After the panel, students joined their CAP leaders for lunch before setting off on foot to find the local resources they needed. "I was a 19 year old high school drop-out with a one year-old child and another on the way," said first-year legal studies major Stephen Harris of his scenario. "I had no money, no support from my family, no shelter, was trying to escape an abusive relationship, and had only the clothes on my back." Students in Harris' group had to apply for food stamps, visit the food shelf, collect a voucher from the Parent Child Center for free clothes from the thrift store, seek out a women's center, arrange for transportation assistance, apply to take GED courses, and find a job. "We learned to pitch our scenario at each location and see what the departments offer that could help us," he established. They also kept Maslow's hierarchy of needs in mind to take advantage of other services offered at each department - warmth, water, a lavatory, and shelter.
"It is good to see the students have experiential learning," said one of the group's leaders, Suzanne Pellitier, the Adult Diploma Assessor at NEKLS, "they are in the shoes of clients they will serve someday." Many students were overwhelmed by what they saw, the processes they had to go through, and being open to the elements. "Yeah, so it's raining outside. Do you think these people have their own car? These people most likely are taking off days of work and losing money while the offices are open to try and apply for these services," she helped students fathom.
After three CAP trips, roughly 45 students experienced this immersion to understand socioeconomic diversity in the Northeast Kingdom. "Newport is an economically diverse community of about 7,000 people. You'd be amazed to see the houses on the Lake compared to what you're seeing now," said another leader, Carla Watson, Special Projects Coordinator at NEKLS. "This diversity is important though; everyone comes together to help."
After a full day in the Northeast Kingdom, students returned to Champlain at 5 p.m. and continued to discuss the experience in the classroom. Although there are no more CAP Trips planned for the semester, students will continue to have relationships with organizations in the Northeast Kingdom. Junior social work major Miranda Salisbury is opening a prom store for high school students who cannot afford to buy the typical prom dress, tuxedo, shoes or other formalwear accessories. "This is my dream, applying my love of fashion to helping people," she said. Salisbury will be collecting lightly used prom dresses and accessories for her prom store throughout winter.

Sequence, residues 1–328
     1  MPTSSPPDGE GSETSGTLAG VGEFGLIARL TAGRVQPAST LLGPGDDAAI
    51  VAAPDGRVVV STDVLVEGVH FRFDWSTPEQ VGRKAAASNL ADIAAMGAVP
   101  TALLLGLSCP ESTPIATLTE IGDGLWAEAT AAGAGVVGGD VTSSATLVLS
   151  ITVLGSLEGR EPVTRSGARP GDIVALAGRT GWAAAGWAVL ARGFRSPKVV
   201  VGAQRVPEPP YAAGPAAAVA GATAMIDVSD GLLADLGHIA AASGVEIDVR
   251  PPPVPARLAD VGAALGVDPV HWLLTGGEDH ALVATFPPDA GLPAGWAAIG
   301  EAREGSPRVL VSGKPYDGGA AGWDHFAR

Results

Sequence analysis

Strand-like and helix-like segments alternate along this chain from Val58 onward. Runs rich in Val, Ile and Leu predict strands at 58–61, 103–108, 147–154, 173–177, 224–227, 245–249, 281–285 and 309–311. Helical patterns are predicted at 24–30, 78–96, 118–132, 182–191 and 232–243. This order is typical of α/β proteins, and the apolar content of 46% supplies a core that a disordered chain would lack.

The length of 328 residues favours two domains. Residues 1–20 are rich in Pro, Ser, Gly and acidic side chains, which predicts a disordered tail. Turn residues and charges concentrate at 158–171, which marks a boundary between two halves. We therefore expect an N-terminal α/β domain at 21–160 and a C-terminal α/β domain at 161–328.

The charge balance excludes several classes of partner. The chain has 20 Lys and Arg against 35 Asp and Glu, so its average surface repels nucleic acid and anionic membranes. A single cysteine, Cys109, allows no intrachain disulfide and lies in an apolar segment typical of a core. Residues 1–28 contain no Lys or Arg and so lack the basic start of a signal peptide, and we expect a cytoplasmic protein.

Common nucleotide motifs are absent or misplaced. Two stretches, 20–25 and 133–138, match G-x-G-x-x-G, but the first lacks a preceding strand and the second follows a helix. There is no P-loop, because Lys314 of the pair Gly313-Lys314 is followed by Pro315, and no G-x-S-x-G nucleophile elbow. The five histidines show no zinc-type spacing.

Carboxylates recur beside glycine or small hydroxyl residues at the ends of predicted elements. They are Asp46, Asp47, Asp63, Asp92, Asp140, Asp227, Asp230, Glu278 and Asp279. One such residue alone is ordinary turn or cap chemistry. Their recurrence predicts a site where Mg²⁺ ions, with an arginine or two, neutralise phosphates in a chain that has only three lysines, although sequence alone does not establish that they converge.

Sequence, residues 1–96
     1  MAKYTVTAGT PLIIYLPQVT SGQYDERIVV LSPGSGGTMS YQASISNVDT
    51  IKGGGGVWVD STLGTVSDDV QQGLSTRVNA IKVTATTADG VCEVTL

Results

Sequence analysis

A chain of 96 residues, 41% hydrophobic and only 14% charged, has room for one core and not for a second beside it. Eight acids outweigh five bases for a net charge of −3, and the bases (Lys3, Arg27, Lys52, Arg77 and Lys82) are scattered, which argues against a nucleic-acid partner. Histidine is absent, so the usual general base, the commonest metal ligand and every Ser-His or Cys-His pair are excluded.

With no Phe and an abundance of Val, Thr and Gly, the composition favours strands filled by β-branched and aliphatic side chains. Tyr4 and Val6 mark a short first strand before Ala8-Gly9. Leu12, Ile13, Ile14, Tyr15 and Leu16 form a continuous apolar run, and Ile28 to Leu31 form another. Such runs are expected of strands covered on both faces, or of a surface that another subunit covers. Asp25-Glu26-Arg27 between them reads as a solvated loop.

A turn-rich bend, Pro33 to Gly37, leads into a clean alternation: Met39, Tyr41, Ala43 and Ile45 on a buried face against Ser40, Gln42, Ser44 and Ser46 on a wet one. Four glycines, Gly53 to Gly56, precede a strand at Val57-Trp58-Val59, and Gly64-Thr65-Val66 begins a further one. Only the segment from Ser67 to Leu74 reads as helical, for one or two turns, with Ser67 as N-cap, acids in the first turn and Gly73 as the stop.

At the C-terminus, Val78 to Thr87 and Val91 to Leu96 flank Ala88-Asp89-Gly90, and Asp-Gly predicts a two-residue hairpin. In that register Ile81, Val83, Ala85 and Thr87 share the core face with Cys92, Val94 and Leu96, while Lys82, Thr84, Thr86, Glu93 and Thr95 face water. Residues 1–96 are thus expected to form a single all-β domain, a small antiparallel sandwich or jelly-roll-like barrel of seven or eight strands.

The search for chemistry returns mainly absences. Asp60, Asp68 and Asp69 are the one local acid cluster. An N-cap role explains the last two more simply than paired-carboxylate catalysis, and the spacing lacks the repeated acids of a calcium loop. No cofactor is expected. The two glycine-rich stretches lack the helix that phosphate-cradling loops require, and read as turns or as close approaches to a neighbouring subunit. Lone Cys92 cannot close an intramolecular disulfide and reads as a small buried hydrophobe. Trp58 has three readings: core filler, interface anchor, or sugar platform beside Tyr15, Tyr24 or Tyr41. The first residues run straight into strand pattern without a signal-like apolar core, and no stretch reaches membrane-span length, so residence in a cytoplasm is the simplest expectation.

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Founded in 1878, Champlain College is a small, not-for-profit, private college in Burlington, Vermont, with additional campuses in Montreal, Canada, and Dublin, Ireland. Champlain offers a traditional undergraduate experience from its beautiful campus overlooking Lake Champlain and over 90 residential undergraduate and online undergraduate and graduate degree programs and certificates. Champlain's distinctive career-driven approach to higher education embodies the notion that true learning occurs when information and experience come together to create knowledge. Champlain College is included in the Princeton Review's The Best 384 Colleges: 2019 Edition. For the fourth year in a row, Champlain was named a "Most Innovative School" in the North by U.S. News & World Report's 2019 "America's Best Colleges,” and a “Best Value School” and is ranked in the top 100 “Regional Universities of the North” and in the top 25 for “Best Undergraduate Teaching.” Champlain is also featured in the Fiske Guide to Colleges for 2019 as one of the "best and most interesting schools" in the United States, Canada and Great Britain and is a 2019 College of Distinction. For more information, visit champlain.edu.